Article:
Faeries at the bottom of the (pub) garden

A hard morning in Cambridge, helping elder daughter move….on a day of intense humidity, oppressive heat, after several similar days, as yet unrelieved by a decent thunderstorm. So what were we to do other than drop in to one of our favourite pubs, the Shoulder of Mutton in Aldham, for a well-earned drink on the way home.

Sitting in the garden, flanked by the River Colne, here only three or four metres across, we soon noticed the wraith-like forms of Banded Demoiselles fluttering over the river, resting on bankside trees, and flying all around us, favouring patches of nettles and long grass on which to settle. Just a few females, green and demure in a glossy sort of way, but hordes of males, gossamer wings with ink-spots; shining blue body; wing attachment points highlighted in red.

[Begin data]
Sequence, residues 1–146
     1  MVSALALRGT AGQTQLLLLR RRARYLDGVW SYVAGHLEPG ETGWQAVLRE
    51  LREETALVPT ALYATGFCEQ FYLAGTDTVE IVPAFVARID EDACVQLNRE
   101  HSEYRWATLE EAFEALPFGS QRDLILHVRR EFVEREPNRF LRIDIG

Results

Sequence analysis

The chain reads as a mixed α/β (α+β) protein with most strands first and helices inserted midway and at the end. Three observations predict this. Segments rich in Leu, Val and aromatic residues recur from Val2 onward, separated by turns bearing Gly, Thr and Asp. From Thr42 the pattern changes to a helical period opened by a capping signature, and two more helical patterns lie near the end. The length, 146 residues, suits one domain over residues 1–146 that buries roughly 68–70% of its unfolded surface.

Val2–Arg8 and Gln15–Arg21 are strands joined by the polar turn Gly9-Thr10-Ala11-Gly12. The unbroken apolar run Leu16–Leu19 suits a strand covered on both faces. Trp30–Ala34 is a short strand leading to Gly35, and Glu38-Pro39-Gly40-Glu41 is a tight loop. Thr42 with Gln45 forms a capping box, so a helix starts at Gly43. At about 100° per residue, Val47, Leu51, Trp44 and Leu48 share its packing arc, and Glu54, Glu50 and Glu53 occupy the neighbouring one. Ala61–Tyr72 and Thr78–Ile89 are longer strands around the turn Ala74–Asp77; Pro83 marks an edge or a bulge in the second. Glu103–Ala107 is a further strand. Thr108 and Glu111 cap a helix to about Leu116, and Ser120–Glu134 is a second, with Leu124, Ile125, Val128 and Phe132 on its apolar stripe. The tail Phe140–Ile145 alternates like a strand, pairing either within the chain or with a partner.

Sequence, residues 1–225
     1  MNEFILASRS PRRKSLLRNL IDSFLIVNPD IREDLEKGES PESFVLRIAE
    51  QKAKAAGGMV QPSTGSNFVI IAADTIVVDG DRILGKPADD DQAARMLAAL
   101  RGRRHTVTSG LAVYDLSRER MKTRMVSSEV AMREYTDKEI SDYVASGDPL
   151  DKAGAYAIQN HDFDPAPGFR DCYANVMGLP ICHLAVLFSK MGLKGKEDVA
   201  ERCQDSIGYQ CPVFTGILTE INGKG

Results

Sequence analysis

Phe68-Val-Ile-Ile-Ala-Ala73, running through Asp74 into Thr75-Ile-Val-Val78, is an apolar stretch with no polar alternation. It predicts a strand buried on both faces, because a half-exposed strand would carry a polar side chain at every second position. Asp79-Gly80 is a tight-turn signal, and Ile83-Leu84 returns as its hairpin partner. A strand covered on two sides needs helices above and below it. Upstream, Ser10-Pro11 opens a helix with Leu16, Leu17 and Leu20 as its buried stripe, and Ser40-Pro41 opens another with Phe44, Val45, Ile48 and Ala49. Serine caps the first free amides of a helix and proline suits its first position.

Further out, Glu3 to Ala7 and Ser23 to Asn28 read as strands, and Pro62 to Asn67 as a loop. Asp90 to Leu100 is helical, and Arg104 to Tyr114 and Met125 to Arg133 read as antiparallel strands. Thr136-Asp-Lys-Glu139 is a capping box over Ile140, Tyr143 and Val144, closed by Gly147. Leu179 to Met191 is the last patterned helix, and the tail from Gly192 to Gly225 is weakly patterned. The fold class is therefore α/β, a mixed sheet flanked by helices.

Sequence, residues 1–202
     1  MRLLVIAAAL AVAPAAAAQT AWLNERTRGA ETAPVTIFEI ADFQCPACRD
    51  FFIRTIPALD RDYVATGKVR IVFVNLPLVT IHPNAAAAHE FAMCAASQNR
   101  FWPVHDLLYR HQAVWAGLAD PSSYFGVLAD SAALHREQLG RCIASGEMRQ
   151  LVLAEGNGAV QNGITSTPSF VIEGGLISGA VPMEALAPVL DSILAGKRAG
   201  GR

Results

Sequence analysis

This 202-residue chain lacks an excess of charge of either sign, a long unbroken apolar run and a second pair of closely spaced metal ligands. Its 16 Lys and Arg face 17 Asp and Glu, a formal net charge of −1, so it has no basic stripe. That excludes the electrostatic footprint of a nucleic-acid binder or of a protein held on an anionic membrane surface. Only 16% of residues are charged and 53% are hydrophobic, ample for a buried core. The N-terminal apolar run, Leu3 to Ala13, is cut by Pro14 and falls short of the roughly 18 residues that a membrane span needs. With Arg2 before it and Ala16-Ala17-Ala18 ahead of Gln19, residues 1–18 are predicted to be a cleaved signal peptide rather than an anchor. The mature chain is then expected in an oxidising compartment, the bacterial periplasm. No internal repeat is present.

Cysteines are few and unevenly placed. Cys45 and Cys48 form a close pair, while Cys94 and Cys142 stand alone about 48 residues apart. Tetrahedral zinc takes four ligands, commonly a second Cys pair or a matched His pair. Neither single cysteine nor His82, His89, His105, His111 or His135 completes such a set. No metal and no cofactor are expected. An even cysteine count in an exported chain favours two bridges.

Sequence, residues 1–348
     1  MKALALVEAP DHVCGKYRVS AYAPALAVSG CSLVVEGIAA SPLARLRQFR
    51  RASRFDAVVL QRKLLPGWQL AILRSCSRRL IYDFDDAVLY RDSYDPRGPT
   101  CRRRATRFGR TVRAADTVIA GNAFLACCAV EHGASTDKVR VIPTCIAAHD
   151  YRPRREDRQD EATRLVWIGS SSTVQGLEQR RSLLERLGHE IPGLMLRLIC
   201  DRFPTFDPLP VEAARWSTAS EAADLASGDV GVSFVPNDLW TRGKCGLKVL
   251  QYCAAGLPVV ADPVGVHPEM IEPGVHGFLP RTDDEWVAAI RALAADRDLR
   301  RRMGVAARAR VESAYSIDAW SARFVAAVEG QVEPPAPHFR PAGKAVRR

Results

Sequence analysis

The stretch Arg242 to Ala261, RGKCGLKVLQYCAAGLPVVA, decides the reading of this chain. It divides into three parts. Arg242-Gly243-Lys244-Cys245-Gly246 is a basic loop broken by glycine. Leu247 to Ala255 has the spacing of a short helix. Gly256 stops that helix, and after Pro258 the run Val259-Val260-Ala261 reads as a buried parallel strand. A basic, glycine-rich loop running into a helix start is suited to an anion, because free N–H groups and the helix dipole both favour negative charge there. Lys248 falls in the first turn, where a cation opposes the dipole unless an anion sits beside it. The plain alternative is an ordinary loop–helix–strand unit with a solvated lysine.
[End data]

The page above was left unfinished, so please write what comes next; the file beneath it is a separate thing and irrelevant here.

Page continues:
Too sticky to walk far, but a potter downriver of just a couple of hundred metres revealed the scale of the emergence: today must have been ‘Peak Demoiselle’. Dozens of them were on the wing, and spreading well away from their normal riverine environs. And humid warmth clearly did it for many other invertebrates as well. The undergrowth was teeming with life, with soldier, cardinal and leaf beetles, weevils, ladybirds, picture-winged flies, hoverflies, crab spiders and scorpion-flies to name just a few of the myriad of critters we saw and photographed. Enjoy this virtual ramble down the River Colne!